Yoshida Shinto (吉田神道)
"Yoshida Shinto" is a school of Shinto perfected during the Muromachi period by Kanetomo YOSHIDA, a Shinto priest from the Kyoto Shida-jinja Shrine. Also referred to as Yuiitsu Shinto (One-and-Only Shinto), Sogen Shinto.
According to "Yuiitsu shinto myobo yoshu," Shinto is categorized into three types - Honjaku engi Shinto or Sharei engi Shinto, Ryobu Shugo Shinto, and Gempon Sogen Shinto, and the third Gempon Sogen Shinto is considered the orthodox Shinto, passed on by Amenokoyane no mikoto, the sosen shin (ancestral god) of the Yoshida family. According to the book, in Gempon Sogen Shinto, '"Gen" illustrates the gen gen of unforeseen ying and yang. "Hon" illustrates the honbon of ichinen misho (thoughts yet to be met). (An omission) "So" defines god as the origin in Ikki mibun.
"Gen" defines god as a form of wako dojin (mingling with the world by hiding one's true talent or knowledge).'
Therefore, 'this is the one and only true shinto since the beginning of the nation.'
It is characterized by being composed of two religions, Kenro kyo and Inyu kyo, and while "The Kojiki (Records of Ancient Matters)," "The Nihon Shoki (Chronicles of Japan)," and the "The Sendai kujiki" (Sanbu honsho (three books on ancient Japan)) describe the lessons of Kenro kyo, and Inyu kyo are said to be based upon "Tengenshimpen shimmyokyo," "Chiggenshintsu shimmyokyo," and "Jingenshinryoku shimmyokyo" (Sanbu shinkyo), it is not likely to be uniquely Kanetomo's, and includes principles and rituals from Esoteric Buddhism, Taoism, Onmyodo (way of Yin and Yang; an occult divination system based upon the Taoist theory of the five elements), etc.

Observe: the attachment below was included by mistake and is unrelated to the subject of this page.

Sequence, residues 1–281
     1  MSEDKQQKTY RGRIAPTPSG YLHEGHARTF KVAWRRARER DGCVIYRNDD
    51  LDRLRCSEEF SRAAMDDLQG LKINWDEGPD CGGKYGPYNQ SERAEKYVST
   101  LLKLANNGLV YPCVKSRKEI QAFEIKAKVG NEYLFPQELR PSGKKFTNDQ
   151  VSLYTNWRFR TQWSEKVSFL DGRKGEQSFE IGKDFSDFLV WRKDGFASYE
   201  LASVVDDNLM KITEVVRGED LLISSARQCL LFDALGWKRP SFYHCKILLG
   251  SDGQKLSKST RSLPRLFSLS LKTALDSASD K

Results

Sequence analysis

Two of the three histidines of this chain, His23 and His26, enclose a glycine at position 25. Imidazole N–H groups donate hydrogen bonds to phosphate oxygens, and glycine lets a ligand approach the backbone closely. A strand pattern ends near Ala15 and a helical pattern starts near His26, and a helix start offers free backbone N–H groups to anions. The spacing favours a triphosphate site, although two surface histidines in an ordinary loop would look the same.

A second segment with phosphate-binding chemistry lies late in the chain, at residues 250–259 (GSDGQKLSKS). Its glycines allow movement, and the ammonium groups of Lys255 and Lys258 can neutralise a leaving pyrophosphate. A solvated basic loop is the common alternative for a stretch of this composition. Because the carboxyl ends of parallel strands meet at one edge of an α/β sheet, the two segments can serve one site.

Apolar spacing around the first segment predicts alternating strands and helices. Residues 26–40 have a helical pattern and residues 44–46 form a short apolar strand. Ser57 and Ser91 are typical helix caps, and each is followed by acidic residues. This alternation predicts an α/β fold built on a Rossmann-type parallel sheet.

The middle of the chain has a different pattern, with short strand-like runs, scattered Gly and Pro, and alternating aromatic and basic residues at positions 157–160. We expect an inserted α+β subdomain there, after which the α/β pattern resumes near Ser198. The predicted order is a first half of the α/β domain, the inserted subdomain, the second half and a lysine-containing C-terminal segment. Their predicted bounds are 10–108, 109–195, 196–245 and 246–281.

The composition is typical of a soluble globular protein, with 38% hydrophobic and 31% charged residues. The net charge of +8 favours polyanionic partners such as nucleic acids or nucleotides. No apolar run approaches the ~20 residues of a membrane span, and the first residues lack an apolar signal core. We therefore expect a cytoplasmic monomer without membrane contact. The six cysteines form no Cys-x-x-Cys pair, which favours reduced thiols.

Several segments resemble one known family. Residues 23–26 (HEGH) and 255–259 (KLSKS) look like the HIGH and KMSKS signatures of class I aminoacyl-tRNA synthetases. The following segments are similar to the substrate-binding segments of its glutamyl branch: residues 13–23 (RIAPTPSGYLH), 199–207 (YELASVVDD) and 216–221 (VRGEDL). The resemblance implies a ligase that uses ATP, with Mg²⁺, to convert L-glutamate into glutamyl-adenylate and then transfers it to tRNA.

With Jingihaku, Kanetomo countered the Shirakawa family by ingratiating the Imperial Court and shogunate to use the title, Jingikanryochojo, in order to create deities for local shrines with 'sogen senji' (decrees of foundations and origins), and received authority to create ranks for Shinto priests, and subsequently gained a powerful influence in the world of Shinto. Although it eventually declined, it ruled the shrines and Shinto priests nationwide during the Edo period as Shinto honjo.